Newbie: The C / C++ Issue

Scott W wegster at mindcore.net
Tue Nov 11 19:06:01 PST 2003


Alex Kelly wrote:

>Thanks for all of the great suggestions to my previous question!
>
>Yet, the responses have led me to another question. If C++ is newer and more advanced than C, will it replace C? If so, should I learn C++ and forget C?
>
>Alex
>  
>
Again, it depends on WHAT you'd like to program.  That isn't to say you 
CAN'T program a specific type of application in language X, but some 
languages lend themselves to different tasks better.

C++ was supposed to 'replace C' since the 80s or so.  It's become more 
predominant for applications than C in _most_ cases, but the core OS of 
*bsd, Solaris, HP-UX, AIX, etc etc are all C.  Device drivers are 
written in C.  A large number of system daemons/services are written in 
C.  And yeah, because C lets you 'do as you want,' there are also some 
buggy C programs out there ;-) 

C++ may be a bit much if it's your first programming language.  There 
are things in CC++ that are ambiguous, moreso than in C- like the number 
of possible uses for the keyword 'const' among others (&$^#*&), and STL 
can be a _handful_ if you've never learned how to 'roll your own' data 
structures.  C pointers are at the same time a wonderful thing and a 
PITA to deal with at times.  C++ is generally MUCH fmore suited to GUI 
programming, and a few other tasks...but:

If you learn C first, and become competent at it, when/if you move on to 
another language, you'll have a better understanding of what's going on 
even if the 'next language' hides significantly more from you and makes 
your life easer (less coding, more use of libraries, foundation classes, 
STL, etc).

It's also not a terrible thing to learn C, and then ease into C++ simply 
as a 'better C'- stronger type checking, warnings that are now errors,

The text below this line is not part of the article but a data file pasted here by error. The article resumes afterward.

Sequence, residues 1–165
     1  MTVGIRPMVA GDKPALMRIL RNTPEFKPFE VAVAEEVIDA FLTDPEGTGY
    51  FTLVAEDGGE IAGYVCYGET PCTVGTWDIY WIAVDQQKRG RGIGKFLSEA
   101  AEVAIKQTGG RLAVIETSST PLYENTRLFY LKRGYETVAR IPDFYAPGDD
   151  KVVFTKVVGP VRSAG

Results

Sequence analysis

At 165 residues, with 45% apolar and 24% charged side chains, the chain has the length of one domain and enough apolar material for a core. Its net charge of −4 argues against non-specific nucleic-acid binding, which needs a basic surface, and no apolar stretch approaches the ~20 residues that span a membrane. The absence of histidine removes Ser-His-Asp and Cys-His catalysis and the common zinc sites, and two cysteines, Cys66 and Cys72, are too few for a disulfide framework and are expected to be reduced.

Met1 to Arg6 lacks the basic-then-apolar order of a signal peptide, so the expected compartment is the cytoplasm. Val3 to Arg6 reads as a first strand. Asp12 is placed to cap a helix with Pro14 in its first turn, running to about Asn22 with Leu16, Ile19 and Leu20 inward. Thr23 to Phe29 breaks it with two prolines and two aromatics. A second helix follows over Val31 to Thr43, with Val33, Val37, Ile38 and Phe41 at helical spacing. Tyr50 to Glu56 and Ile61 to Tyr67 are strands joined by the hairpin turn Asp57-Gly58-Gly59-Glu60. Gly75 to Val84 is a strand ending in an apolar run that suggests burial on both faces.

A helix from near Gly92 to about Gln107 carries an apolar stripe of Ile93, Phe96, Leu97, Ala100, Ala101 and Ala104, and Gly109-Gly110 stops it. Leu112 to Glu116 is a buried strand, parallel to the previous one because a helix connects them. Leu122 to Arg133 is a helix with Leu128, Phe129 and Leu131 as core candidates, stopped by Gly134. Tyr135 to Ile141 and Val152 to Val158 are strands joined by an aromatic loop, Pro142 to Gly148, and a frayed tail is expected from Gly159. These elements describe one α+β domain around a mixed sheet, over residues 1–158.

and if pointers freaked you out TOO badly in C, you can then breathe a 
sign of relief and 'cheat' and use some of the functionality of C++ like 
references..

If you DO go that route (C first), it's likely you'll be a better 
programmer in the end, seriously- starting with C++ can be like trying 
to run before you realize you have feet, and can result in 'knowing' 
C++, but writing code that no one in their right mind wants to touch.. 
starting in Java is akin to someone being shown how to fly, but not 
knowing how to land, or turn, or much else ;-)  Possibly not the best 
phrasing, but I've met MANY programmers that are very good at one 
specific thing, but put them even slightly out of their element (like 
umm, take Java away from them and make them use a 'real' language!) and 
they're extremely confused- mention POSIX system calls and they go blank...

The best thing I can suggest, which I do myself when I try to _force_ 
myself to get Java more solidly into my skillset, is to first learn 'a 
bit.'  Go through one of the recommended books (and BTW, whoever said 
Eckel's TIC++, yep, good call, missed that one although it's on all of 
my systems HDs :-)  and DO the excercises.  Pace yourself, especially 
while learning, and don't think 'you know that already' and skip over 
excercises and questions, no matter how inane some of them may seem ;-)  
Then, pick a 'real' project you'd like to do, starting reasonably small, 
maybe a small part of a larger project...or pick up Steven's APUE and 
write a talk daemon and client or something similar....you'll find 
things that you thought you knew that you realize you have no idea 
about.  One of the niceties of *nix are the man pages- if you're looking 
for a specific function (in the standard C library or system calls), try:

man -k <subject> where <subject> is a single word, like:
man -k open

will return a LOT of summaries of man pages with their headers including 
the word 'open.'  man man or man intro to get info on limiting them 
further, but you'll find youself using man pages a LOT while you go 
through your project, whatever it is.  Complete the first one, whatever 
it is, and then pick up the next book, then go a bit more ambitious, and 
use what you've got so far along with what should now be more 
'reference' books than 'teaching books' and keep going....use the force, 
Luke ;-)

Ok, I'll shaddup now... Did you catch the subtle hint in there to start 
with C? ;-)

Scott



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